September 12, 2017 Last Updated 3:02 pm

Apple event introduces the iPhone X, iPhone 8 and 8 Plus, Apple TV 4K, new Apple Watch

But if you are a publisher and you missed the event, you did not miss anything that will mean much to you, as Apple offered very little in the way of digital media news

The latest Apple iPhone event was very much like the last one, too long, and short completely absent of surprises.

As rumors said, the new, top-end iPhone is called the iPhone X (as in “ten”), and it is priced at $999 or $1149, depending on storage level. It looks nice — it’s not a flip phone, after all — but if Face ID doesn’t get you excited, not much else will.

For publishers it is hard to see where the news was. I suppose getting a date for when iOS 11 is coming out is helpful (Sept. 19). But unlike events in the past, when Steve Jobs would breeze through the program in order to concentrate on the one thing he was most interested in, then leave it for after the event to drop more news about other product updates, this event was overly long, though still without surprises.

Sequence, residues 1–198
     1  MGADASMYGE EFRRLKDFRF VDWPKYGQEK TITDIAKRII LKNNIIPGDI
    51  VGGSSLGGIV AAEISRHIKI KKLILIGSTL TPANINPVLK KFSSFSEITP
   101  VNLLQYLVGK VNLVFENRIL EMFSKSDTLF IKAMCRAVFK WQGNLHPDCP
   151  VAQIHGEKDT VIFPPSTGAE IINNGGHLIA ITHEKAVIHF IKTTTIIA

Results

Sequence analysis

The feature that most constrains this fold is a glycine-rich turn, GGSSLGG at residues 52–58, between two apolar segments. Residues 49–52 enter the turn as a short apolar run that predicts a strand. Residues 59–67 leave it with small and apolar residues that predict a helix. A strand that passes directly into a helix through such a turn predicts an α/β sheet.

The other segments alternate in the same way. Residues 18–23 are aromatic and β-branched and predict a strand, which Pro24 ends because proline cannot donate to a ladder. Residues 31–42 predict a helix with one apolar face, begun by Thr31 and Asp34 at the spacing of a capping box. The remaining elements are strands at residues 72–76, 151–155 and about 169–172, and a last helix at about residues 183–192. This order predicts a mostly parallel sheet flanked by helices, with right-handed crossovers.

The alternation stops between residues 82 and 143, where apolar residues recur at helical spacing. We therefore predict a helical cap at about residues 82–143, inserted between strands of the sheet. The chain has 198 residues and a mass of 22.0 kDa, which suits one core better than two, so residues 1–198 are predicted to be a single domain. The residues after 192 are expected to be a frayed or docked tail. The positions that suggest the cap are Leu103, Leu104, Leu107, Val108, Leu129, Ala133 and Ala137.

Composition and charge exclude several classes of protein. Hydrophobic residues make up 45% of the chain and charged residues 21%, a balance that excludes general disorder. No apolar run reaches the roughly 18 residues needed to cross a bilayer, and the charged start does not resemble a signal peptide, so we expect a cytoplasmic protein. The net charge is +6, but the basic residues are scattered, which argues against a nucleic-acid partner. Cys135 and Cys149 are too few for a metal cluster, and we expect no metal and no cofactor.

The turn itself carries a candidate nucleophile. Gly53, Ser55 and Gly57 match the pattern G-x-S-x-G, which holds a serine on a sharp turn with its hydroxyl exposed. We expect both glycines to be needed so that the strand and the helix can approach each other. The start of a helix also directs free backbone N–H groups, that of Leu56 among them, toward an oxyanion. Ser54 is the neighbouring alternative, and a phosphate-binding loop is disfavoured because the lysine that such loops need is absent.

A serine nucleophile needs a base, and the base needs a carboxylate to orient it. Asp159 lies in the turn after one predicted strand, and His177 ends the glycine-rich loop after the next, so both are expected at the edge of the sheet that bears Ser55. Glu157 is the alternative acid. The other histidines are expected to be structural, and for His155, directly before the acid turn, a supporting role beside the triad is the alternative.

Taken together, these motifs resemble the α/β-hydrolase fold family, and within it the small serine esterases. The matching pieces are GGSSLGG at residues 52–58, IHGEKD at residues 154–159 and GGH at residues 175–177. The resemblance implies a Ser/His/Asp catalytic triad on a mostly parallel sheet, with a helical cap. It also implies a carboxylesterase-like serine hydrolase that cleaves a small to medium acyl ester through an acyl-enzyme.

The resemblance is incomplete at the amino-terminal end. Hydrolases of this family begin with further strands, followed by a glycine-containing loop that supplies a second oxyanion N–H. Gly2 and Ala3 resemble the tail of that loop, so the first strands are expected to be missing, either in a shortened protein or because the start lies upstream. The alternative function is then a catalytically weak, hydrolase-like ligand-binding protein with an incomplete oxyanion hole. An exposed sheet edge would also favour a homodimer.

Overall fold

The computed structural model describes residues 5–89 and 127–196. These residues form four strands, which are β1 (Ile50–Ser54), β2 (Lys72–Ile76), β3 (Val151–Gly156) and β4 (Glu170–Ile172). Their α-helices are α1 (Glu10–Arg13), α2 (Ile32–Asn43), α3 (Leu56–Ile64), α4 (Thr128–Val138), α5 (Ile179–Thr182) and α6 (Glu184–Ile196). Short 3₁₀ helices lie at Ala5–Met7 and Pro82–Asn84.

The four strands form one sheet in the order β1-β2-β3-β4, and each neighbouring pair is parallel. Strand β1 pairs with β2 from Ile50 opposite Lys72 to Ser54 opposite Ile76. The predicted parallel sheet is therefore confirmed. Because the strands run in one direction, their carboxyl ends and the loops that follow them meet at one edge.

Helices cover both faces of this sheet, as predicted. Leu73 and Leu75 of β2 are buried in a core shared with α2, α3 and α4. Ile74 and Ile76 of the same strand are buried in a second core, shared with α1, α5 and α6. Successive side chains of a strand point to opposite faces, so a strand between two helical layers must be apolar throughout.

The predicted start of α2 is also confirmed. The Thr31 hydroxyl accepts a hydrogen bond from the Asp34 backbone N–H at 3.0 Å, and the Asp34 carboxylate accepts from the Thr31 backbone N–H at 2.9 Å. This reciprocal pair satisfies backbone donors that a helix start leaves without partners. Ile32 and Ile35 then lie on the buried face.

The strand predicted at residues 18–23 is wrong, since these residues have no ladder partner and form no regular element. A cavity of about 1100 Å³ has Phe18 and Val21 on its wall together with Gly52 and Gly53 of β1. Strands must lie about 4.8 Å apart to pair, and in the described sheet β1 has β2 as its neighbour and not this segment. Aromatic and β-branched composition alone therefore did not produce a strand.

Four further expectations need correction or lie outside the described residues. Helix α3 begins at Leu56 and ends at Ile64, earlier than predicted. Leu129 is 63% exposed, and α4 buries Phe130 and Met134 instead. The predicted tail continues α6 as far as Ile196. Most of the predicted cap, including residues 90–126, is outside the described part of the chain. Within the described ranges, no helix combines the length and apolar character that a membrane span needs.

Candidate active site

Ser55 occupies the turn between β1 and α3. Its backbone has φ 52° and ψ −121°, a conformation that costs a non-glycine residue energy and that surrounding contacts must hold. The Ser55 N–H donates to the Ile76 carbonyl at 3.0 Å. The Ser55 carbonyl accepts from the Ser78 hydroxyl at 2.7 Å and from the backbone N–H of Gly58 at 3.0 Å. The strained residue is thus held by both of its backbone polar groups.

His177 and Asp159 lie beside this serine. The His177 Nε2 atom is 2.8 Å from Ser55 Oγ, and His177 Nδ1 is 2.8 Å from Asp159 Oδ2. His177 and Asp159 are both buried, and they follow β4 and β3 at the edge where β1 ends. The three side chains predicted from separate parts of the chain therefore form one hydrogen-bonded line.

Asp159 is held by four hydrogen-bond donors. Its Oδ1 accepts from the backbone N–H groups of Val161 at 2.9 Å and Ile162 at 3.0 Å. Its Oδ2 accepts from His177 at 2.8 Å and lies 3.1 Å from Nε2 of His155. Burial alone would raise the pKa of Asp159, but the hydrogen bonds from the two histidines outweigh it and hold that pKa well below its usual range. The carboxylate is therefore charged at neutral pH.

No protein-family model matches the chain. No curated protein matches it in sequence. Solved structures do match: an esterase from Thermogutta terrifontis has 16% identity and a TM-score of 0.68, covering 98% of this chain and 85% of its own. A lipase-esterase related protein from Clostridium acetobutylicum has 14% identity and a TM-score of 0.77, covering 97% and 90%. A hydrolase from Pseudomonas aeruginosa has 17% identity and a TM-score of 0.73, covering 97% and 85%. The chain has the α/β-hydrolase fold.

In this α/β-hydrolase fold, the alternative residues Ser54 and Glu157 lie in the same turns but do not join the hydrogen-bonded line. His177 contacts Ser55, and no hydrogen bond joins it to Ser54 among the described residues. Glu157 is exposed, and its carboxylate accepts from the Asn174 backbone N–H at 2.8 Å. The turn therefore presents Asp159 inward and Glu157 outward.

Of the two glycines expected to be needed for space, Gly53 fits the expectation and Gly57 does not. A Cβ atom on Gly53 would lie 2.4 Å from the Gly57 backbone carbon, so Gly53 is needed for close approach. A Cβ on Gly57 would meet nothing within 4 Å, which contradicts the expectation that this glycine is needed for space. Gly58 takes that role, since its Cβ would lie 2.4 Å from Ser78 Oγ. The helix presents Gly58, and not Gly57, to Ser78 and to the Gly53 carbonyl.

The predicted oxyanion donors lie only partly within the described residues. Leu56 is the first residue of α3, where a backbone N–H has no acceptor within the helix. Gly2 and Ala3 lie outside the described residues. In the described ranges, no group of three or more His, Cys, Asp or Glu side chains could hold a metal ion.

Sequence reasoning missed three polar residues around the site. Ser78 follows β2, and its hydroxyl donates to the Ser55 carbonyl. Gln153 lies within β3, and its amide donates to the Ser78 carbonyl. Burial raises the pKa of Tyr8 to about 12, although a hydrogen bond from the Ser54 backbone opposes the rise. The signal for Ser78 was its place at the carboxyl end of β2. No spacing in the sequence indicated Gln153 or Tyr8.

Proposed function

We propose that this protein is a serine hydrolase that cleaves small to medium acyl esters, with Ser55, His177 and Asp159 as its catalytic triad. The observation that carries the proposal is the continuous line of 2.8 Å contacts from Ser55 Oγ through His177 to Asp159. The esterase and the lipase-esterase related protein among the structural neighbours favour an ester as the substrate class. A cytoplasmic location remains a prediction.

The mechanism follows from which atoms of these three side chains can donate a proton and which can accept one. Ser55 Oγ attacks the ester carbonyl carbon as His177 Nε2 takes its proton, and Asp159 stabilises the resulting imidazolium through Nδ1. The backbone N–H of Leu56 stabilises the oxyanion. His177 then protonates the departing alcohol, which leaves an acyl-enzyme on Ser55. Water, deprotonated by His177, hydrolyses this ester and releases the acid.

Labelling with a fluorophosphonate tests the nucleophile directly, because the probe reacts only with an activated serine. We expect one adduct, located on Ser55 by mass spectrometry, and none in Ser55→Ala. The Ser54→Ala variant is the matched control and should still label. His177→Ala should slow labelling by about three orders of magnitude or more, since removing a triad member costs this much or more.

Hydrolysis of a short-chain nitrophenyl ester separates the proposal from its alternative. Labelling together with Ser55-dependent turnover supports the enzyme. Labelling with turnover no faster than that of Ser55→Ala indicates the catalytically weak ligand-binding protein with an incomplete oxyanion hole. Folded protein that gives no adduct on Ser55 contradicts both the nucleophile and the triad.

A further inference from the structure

Some tech reporters might ask me “well, what did you want? Wasn’t two new iPhones, a new 4K streaming Apple TV, a new Apple Watch with cellular, and dates for iOS 11 and macOS High Sierra (Sept. 25) enough?”

The answer would be “No”.

What I see is that iTunes is still a mess, and the App Store still sports a Magazines & Newspapers category where the subcategories remain broken (over three years and counting).

There was no update to iBooks Author, a program I just don’t think Apple is committed to, and so publishers will find it hard to commit to. I have an eBook that I have been working on for two years that remains frozen in production because I am not satisfied with the condition of iBA as it is now.

Tim Cook and Eddy Cue don’t seem to be readers or listeners to any kind of music other than the most saccharine, and so very little progress is being made in areas digital publishers and artists would care about.

This is all a bit sad as iPhone events used to be a big deal. I’m sure they still are for the tech reporters who have to prove their fidelity to Apple in order to sit in on them live. But this year’s events is over and I could care less about rehashing any of it.

Maybe if the news from around the world wasn’t so damn serious, and so damn depressing, one could care about upgrading a cell phone by spending more than the cost of most laptops today. But the iPhone event is only just over and I already feel like it is time to move on.

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